Explaining contradictory relations between risk perception and risk taking

Psychol Sci. 2008 May;19(5):429-33. doi: 10.1111/j.1467-9280.2008.02104.x.


Different studies have documented opposite relations between perceived risk and behavior. The present study tested a theoretical explanation that reconciles these conflicting results. Adolescents (N= 596) completed alternative measures of risk perception that differed in cue specificity and response format. As predicted by fuzzy-trace theory, measures that emphasized verbatim retrieval and quantitative processing produced positive correlations between perceived risk and risky behavior; risk perceptions reflected the extent to which adolescents engaged in risky behavior. In contrast, measures that assessed global, gist-based judgments of risk produced negative correlations; higher risk perceptions were associated with less risk taking, a protective rather than reflective relation. Endorsement of simple values and principles provided the greatest protection against risk taking. Results support a dual-processes interpretation of the relation between risk perception and risk taking according to which observed relations depend on whether the cues in questions trigger verbatim or gist processing.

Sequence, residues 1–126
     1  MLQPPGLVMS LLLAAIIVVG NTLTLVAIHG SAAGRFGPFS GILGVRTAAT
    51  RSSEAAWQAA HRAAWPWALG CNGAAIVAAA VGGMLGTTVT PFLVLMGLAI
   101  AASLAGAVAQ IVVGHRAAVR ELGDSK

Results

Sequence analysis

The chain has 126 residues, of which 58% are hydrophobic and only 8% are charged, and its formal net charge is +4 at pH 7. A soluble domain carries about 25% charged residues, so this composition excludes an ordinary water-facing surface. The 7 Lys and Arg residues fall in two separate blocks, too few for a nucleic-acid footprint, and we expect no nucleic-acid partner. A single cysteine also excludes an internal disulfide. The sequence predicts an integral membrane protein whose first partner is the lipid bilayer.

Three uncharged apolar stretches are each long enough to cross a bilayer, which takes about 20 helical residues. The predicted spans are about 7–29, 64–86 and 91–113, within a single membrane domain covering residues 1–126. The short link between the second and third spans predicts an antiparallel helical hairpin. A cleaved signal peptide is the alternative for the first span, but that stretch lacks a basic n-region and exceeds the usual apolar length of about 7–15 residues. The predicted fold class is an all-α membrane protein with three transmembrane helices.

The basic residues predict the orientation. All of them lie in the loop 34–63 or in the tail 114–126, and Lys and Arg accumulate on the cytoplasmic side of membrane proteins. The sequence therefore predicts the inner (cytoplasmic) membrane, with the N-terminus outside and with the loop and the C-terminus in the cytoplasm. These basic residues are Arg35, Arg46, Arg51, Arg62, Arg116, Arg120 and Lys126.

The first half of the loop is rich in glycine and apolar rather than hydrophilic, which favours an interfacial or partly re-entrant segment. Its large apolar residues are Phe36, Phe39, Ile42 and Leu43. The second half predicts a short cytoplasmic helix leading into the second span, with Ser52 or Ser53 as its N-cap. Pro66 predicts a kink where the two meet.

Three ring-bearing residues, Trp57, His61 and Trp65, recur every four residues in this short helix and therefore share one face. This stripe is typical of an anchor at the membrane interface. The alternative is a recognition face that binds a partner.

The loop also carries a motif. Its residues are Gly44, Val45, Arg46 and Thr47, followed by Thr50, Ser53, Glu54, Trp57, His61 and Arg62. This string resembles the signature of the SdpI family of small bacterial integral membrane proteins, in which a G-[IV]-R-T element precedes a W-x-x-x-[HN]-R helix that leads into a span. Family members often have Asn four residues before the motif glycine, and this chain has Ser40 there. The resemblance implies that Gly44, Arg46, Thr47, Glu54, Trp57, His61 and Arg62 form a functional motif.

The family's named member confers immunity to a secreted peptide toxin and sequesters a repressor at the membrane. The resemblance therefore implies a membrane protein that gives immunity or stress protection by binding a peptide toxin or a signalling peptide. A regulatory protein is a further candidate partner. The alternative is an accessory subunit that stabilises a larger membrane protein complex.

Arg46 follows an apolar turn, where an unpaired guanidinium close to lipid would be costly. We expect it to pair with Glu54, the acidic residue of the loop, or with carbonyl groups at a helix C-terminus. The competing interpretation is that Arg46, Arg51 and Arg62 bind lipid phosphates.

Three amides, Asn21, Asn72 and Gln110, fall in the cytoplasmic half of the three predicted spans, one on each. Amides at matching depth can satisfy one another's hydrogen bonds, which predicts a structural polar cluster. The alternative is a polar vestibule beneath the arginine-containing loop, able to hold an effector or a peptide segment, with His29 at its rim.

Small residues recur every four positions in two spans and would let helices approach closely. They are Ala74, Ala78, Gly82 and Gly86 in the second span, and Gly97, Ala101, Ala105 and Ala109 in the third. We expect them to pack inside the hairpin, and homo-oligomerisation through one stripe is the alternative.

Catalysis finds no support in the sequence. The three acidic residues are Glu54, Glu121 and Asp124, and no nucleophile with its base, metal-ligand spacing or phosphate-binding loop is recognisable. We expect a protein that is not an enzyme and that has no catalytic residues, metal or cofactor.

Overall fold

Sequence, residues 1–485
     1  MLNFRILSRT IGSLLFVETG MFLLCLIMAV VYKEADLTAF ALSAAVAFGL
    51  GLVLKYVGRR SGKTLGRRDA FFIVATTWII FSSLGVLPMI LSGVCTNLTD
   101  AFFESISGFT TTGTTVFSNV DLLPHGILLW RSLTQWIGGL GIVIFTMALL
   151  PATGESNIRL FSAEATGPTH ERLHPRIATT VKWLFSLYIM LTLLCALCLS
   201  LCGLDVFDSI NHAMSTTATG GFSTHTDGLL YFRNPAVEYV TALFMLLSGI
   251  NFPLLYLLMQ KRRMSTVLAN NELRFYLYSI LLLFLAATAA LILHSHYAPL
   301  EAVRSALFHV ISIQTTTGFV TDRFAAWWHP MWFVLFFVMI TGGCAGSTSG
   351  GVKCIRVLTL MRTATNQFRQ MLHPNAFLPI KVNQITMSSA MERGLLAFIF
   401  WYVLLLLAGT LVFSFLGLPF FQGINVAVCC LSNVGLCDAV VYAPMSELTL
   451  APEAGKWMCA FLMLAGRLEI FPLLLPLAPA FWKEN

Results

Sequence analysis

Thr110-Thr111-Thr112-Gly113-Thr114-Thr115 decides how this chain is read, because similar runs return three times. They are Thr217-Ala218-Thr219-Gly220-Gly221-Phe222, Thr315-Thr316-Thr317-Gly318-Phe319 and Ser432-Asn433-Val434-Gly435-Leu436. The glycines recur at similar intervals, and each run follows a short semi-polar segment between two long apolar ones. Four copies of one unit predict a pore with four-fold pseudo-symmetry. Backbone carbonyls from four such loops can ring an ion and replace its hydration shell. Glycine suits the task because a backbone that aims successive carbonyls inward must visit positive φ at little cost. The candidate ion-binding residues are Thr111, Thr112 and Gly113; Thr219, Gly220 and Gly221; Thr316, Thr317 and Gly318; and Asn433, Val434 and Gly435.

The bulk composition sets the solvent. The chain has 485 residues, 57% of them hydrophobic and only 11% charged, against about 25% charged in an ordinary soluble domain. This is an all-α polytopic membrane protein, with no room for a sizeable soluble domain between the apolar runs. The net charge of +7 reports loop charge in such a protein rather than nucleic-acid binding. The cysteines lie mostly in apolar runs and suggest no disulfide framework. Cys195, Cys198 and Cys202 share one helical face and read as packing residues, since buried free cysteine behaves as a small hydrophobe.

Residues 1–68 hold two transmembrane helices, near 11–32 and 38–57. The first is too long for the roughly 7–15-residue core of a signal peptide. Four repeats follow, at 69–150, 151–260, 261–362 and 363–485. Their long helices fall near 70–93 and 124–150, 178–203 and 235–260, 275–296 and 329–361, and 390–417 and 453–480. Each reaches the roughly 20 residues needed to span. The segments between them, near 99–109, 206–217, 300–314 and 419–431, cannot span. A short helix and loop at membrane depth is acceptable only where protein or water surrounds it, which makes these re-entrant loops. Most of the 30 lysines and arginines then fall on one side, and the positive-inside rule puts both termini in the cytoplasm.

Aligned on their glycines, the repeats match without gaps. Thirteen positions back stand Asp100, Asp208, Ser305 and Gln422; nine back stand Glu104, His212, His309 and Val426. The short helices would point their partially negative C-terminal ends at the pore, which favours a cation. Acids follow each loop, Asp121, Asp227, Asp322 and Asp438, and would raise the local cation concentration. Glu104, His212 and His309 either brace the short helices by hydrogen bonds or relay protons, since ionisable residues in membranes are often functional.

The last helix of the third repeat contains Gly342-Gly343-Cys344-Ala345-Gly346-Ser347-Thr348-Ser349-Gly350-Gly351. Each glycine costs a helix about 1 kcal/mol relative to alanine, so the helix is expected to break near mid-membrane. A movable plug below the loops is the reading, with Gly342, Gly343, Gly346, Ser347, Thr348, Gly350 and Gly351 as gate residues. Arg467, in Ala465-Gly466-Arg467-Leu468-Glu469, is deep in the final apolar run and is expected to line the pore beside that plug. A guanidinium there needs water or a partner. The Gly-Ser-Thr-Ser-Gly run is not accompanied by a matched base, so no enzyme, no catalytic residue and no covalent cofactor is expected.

MeSH terms

  • Adolescent
  • Adolescent Behavior / psychology*
  • Conflict, Psychological*
  • Cues
  • Female
  • HIV Infections / psychology
  • Health Knowledge, Attitudes, Practice
  • Humans
  • Judgment
  • Male
  • Perception*
  • Psychology, Adolescent / methods
  • Risk-Taking*
  • Sexual Behavior / psychology
  • United States